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Doctors

$16.99
In print
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This new graphic novel from acclaimed cartoonist Dash Shaw (Bottomless Belly Button, BodyWorld, New School) is his most taut book to date. Dr. Cho is the creator of the Charon, a device that allows his staff to enter a dead patient's afterlife by taking the form of a memory in the patient's consciousness, and bring him or her back to life, with one catch: the experience is traumatic and the process kills them again soon thereafter. But for some bereaved, the opportunity is priceless. So when Bell is killed in a random accident, her daughter hires Dr. Cho's team to bring her back. But what if Bell didn't want to come back? The dying unconsciously create the afterlife they want, or feel they deserve, in their minds before everything fades to black. Isn't that better than the reality, and no less meaningful than life itself? Can unconsciousness coexist with consciousness? Part science-fiction thriller, part family drama, part morality play for the 21st century, and quite possibly Shaw's best book to date.

Pages:
96
Colors:
full color
Format:
Softcover
Dimensions:
6" x 8"
ISBN-13:
978-1-60699-803-8
Year:
2014

"New School is about art, about the art that’s in the book itself... There's stuff going on at other levels, the intuitive, the level of the unconscious, the subconscious I guess you could say.... This book is just fascinating." – NPR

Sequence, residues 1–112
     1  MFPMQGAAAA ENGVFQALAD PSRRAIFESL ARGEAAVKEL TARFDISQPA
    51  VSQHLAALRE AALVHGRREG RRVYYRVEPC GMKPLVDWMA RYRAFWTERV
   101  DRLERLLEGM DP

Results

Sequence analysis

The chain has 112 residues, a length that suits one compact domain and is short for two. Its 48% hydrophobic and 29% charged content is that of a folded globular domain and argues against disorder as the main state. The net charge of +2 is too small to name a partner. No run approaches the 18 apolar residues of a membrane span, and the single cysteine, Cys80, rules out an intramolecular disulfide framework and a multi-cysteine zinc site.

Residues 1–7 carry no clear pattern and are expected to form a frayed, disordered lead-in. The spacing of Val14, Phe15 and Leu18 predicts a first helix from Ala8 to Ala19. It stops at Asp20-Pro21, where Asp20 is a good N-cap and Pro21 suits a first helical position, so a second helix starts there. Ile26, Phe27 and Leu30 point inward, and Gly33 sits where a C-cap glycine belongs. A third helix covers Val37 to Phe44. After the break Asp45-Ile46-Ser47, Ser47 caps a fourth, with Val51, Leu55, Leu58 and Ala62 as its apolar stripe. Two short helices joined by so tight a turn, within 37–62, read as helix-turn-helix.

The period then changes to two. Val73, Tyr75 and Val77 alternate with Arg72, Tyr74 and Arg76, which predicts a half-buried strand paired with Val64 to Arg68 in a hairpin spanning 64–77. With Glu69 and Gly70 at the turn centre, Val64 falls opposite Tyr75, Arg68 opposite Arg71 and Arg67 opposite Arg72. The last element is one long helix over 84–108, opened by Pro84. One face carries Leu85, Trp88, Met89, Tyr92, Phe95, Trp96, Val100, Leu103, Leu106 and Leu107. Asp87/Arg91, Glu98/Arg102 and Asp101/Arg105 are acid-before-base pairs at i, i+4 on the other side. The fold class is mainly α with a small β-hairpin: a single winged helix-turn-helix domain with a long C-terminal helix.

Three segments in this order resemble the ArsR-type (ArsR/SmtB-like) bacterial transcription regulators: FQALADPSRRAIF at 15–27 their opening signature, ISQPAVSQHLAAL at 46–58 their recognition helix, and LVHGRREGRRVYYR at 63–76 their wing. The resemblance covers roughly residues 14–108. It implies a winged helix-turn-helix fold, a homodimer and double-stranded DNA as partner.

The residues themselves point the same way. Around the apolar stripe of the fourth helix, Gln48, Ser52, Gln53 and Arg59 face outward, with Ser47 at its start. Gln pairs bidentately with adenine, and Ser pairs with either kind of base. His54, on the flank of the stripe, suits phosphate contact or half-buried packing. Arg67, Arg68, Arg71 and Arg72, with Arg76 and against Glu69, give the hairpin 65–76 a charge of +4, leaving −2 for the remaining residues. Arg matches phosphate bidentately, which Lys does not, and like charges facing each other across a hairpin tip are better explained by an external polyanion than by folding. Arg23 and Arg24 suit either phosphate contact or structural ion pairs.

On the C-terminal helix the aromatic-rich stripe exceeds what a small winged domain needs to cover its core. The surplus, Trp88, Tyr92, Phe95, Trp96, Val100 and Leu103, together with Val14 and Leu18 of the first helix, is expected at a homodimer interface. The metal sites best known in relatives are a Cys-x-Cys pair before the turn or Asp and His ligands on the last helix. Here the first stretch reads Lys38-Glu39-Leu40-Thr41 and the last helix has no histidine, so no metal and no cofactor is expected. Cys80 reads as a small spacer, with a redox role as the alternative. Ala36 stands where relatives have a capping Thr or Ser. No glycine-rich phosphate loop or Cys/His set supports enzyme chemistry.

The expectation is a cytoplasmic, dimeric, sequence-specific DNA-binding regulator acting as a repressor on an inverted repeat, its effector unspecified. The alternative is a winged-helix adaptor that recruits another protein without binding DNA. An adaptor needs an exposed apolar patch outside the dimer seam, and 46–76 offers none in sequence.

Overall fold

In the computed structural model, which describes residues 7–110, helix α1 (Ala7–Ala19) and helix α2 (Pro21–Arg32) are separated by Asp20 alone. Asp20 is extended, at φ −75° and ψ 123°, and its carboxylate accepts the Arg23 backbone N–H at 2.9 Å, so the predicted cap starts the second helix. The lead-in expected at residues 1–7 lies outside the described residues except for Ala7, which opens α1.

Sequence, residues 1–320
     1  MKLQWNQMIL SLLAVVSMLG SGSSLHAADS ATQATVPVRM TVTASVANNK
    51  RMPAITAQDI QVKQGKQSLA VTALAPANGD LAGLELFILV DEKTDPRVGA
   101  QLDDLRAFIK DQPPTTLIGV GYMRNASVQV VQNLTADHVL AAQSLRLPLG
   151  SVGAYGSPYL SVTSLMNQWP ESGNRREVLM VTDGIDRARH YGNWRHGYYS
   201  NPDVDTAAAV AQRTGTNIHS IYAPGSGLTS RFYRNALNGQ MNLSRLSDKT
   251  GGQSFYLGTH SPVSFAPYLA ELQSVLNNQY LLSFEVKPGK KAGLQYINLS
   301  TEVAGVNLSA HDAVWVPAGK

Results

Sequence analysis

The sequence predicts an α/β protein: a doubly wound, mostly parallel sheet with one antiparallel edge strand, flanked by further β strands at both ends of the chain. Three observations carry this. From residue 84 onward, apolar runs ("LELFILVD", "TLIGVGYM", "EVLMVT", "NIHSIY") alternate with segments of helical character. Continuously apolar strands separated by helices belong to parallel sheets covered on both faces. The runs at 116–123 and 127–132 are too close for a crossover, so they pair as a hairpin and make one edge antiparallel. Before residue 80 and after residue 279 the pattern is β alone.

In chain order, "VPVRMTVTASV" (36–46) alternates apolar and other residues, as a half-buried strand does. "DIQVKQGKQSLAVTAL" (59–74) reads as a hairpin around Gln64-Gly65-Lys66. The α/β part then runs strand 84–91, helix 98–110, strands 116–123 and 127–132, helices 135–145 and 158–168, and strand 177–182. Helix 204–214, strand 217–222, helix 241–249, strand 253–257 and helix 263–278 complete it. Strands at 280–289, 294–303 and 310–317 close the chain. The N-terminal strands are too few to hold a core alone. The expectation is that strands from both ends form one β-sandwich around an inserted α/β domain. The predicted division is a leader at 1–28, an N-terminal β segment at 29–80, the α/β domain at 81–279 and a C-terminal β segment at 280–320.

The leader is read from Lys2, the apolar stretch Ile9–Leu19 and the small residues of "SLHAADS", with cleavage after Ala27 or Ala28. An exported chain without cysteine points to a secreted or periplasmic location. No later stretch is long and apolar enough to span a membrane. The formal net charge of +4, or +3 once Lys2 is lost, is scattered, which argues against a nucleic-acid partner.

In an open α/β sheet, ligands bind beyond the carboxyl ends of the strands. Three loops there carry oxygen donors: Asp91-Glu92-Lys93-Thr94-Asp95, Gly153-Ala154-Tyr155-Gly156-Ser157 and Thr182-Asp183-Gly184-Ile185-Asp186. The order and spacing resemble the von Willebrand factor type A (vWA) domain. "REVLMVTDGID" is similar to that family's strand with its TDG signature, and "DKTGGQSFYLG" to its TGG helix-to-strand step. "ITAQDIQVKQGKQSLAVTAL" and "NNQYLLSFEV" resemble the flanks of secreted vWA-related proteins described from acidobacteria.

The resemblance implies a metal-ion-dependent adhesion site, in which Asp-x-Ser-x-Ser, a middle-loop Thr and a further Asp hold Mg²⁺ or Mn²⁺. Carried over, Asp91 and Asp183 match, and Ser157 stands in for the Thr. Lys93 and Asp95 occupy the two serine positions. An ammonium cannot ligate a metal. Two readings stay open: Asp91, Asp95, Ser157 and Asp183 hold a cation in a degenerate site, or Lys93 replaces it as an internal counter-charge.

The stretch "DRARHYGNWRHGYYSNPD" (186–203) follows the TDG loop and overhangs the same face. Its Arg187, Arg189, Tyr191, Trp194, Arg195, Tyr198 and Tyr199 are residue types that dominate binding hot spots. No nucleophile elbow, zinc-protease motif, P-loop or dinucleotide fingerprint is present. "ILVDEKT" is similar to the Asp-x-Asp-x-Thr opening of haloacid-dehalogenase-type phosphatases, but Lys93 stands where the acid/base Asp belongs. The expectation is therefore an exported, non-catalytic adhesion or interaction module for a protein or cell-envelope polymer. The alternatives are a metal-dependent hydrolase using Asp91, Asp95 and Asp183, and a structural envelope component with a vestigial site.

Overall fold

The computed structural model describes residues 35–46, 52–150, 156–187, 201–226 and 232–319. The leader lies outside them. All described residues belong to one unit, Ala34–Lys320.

"On first read, it is melancholic, funny and smartly impressionistic, three things that comics do well… Dash Shaw likes to move through styles, and it's exciting. As soon as you think you have a fix on his forms, he tweaks it just a bit." – Joe Gross, Austin American-Statesman

   

This new graphic novel from acclaimed cartoonist Dash Shaw (Bottomless Belly Button, BodyWorld, New School) is his most taut book to date. Dr. Cho is the creator of the Charon, a device that allows his staff to enter a dead patient's afterlife by taking the form of a memory in the patient's consciousness, and bring him or her back to life, with one catch: the experience is traumatic and the process kills them again soon thereafter. But for some bereaved, the opportunity is priceless. So when Bell is killed in a random accident, her daughter hires Dr. Cho's team to bring her back. But what if Bell didn't want to come back? The dying unconsciously create the afterlife they want, or feel they deserve, in their minds before everything fades to black. Isn't that better than the reality, and no less meaningful than life itself? Can unconsciousness coexist with consciousness? Part science-fiction thriller, part family drama, part morality play for the 21st century, and quite possibly Shaw's best book to date.

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